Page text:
Hi Mom and Dad,
I passed my swim test. Yay! I almost made it all the way to the top of the climbing wall yesterday. More yay! I WILL zipline before the end of the summer! I bounced the ball off the post and actually scored a goal in soccer earlier today. FIRST GOAL EVER! The most yay! Went on a nature hike a few days ago. We saw a squirrel and named him Sam. At least we think it was a squirrel. It could have been a bunny. Emma said that maybe it was a chupacabra. Duh! Chupacabras aren’t real. But we just said, “Maybe.” Then we thought it would be funny if we actually told people we saw a chupacabra just to see how many people we could get to believe us. So now like a lot more people than I ever thought would believe there is a chupacabra running around in the woods, which is kind of bad because now it’s IMPOSSIBLE to sign up for nature because everyone wants to go on hikes in the woods to see the chupacabra. Long story short, if Max writes home about seeing a chupacabra, it was a squirrel (or a bunny). And if he finds out it was a squirrel and writes home that I told him it was a chupacabra, it wasn’t a trick I was playing on him specifically—and it wasn’t just me.
So my friend Katie and I made up this new game to see who can make up the goofiest knock knock joke. Wanna hear the (kinda) funny joke she made up while we were walking? Knock knock. Who’s there? Katie. Katie who? Katiepillar. I made up one at dinner but it’s not as funny. Knock knock. Who’s there? Butter. Butter who? Butterfly. I also learned a new card trick in magic the other day that I can’t wait to show you when I get home. Gotta go. Love ya!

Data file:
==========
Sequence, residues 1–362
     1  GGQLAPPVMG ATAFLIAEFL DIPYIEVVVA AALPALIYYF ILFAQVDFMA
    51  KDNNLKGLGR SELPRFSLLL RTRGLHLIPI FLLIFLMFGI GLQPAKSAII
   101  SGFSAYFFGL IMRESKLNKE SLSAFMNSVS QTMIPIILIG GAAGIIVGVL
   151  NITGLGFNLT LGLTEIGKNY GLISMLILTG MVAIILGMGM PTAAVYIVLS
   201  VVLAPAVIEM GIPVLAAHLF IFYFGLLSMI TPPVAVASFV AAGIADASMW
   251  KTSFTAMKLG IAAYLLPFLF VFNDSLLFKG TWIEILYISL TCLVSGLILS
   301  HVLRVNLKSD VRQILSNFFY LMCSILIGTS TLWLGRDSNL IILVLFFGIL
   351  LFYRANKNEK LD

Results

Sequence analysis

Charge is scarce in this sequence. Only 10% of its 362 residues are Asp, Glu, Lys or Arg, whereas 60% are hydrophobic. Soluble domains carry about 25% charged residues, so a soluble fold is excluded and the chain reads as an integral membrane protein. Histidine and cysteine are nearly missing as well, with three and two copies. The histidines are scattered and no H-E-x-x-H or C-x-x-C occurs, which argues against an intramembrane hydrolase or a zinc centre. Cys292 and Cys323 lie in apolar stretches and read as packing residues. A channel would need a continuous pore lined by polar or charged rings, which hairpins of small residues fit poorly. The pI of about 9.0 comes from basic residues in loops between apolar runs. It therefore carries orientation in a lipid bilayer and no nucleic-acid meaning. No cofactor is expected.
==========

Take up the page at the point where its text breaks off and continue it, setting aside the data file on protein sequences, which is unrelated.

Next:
letters from parents and relatives to campers each day. For campers, there is something special about sprawling across their bed at camp and reading what Mom, Dad, brothers, sisters, and maybe even pets have been up to.
For parents, seeing a letter in their children’s handwriting makes the communication more personable. It’s endearing to think one’s son or daughter took the time out of his or day to write home. Some parents even joke about how refreshing it is to receive a message that isn’t so full of abbreviated words that it requires an interpreter, like many text messages. It also lends added significance to those things about which children choose to write. Parents have reported that it helps them more closely identify their children’s interests. If a child dedicates two thirds of each letter home to how much fun she is having playing tennis, it’s a good indication that tennis is playing a particularly important role in the success of the camper’s summer. Some parents are so highly entertained by their children’s letters from camp that they make scrapbooks of their children’s letters from camp throughout the years as a memoir. Author Diane Falanga was so inspired by children’s letters from camp that she published a compilation of them.
Sadly, email and text messaging have almost made the art of letter writing—taking pen to paper—extinct. But summer camp is a place where the tradition still survives. Summer is a time when the joy of receiving an envelope with one’s name on it is rediscovered every summer by thousands of children and parents alike.